Free; no pre-registration required.

avatar for Manny Trembley

Manny Trembley

Manny Trembley is a two-time Eisner Award nominated author, illustrator, father of two boys, Jasper and Jared, and husband.  He is a video game designer and spends his free time making graphic novels. He has created five successful Kickstarters. The first was Martin Monsterman and... Read More →

Saturday April 16, 2016 3:30pm - 5:00pm
Spokane Convention Center 334 W Spokane Falls Blvd, Spokane, WA 99201


If You Ain't No Place
You'd be crazy to miss out on this: a one-of-a-kind writing workshop and craft discussion with not one, but two current poets laureate: Tod Marshall (Washington State) and Laura Read (City of Spokane). This is an opportunity not to be missed! Free; no pre-registration required.

If You Ain’t No Place

Our title is from Richard Hugo’s The Triggering Town.  In his book, Hugo reminds poets of the importance of identifying the “where” of a poem and how rooting creativity to place can allow the imagination to grow in unexpected ways.  In this workshop, we will explore ways to connect our imagination to the real and imagined landscapes of Spokane and, more broadly, Washington. 

There are many ways, of course, that we can think about “place.”  Perhaps specific flora and fauna conjure up place for us (salmon and Arrowleaf Balsamroot, delicious huckleberries).  Perhaps titles of towns and neighborhoods or geological phenomena do the same (Anacortes, Mt. Rainier, Hillyard, and Twisp; The Columbia, Steptoe Butte, and sharp columns of basalt, to name only a few).  Perhaps people—individuals or groups—make a “where” vivid in our minds (The Legion of Boom or the Wobblies, Chief Garry or Ken Griffey Junior, Jimmy Marks or Kurt Cobain, Hope Solo or Sherman Alexie, Bing Crosby or Cathy McMorris Rodgers—to name only a few).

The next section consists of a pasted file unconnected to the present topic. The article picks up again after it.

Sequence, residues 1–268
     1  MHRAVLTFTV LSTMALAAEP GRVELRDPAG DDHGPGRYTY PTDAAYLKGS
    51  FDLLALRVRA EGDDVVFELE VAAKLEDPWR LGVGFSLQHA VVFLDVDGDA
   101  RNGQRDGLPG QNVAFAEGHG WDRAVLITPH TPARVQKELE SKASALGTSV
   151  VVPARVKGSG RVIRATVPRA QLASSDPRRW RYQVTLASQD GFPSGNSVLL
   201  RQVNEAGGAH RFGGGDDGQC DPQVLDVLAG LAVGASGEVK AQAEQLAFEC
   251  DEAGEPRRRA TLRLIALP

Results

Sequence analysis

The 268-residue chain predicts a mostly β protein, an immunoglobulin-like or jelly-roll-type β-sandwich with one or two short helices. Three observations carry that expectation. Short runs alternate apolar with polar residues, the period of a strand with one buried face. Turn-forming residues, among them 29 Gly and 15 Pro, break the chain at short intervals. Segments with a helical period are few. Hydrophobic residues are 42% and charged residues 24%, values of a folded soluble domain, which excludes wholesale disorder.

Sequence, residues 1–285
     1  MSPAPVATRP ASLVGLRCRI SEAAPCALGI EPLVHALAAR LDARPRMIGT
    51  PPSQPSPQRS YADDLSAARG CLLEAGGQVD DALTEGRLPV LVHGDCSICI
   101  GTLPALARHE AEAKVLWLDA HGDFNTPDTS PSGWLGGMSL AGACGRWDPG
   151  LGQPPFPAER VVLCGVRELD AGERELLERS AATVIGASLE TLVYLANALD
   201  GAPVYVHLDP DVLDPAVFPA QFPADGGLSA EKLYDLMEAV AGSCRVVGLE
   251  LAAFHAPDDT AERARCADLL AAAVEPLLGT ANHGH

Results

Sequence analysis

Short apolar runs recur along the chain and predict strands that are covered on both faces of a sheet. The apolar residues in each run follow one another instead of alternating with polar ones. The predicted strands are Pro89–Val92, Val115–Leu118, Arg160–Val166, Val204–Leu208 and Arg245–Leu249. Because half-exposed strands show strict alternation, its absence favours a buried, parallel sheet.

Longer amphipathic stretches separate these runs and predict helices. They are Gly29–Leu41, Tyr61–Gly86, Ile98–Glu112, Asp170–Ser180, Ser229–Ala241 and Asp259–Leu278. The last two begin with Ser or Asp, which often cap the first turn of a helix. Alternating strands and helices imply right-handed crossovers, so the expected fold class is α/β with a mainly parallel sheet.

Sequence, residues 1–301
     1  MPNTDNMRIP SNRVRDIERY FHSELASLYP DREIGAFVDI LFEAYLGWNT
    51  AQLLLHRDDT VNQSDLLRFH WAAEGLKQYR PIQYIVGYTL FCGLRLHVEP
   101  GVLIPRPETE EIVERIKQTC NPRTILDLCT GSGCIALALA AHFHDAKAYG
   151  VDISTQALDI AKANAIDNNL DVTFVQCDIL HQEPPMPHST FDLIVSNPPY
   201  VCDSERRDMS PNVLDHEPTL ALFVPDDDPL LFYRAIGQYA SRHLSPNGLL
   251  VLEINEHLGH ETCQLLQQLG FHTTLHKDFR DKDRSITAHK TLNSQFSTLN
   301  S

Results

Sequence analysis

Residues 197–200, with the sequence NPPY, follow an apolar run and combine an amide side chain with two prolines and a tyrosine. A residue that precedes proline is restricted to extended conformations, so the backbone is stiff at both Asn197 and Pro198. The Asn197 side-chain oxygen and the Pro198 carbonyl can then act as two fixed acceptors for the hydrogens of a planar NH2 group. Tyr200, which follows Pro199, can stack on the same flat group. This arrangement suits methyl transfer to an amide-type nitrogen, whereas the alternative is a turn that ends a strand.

Using a controlled range of diction and some parameters regarding line and sound texture, we will form a supportive community to draft a poem that might reveal something about where we are and who we are.

Special thanks to Humanities Washington, ArtsWA, and the City of Spokane for recognizing the importance of poet laureate programs in our communities.

avatar for Tod Marshall

Tod Marshall

Tod Marshall is Washington State’s Poet Laureate and a professor at Gonzaga University. His books of poetry include Bugle, The Tangled Line, and Dare Say. He has also published a collection of his interviews with contemporary poets, Range of the Possible, and an attendant anthology... Read More →
avatar for Laura Read

Laura Read

Laura Read is Spokane’s second poet laureate, appointed to the position October, 2015. She is the author of the chapbook The Chewbacca on Hollywood Boulevard Reminds Me of You and the collection Instructions for My Mother’s Funeral, which won the 2011 AWP Donald Hall Prize... Read More →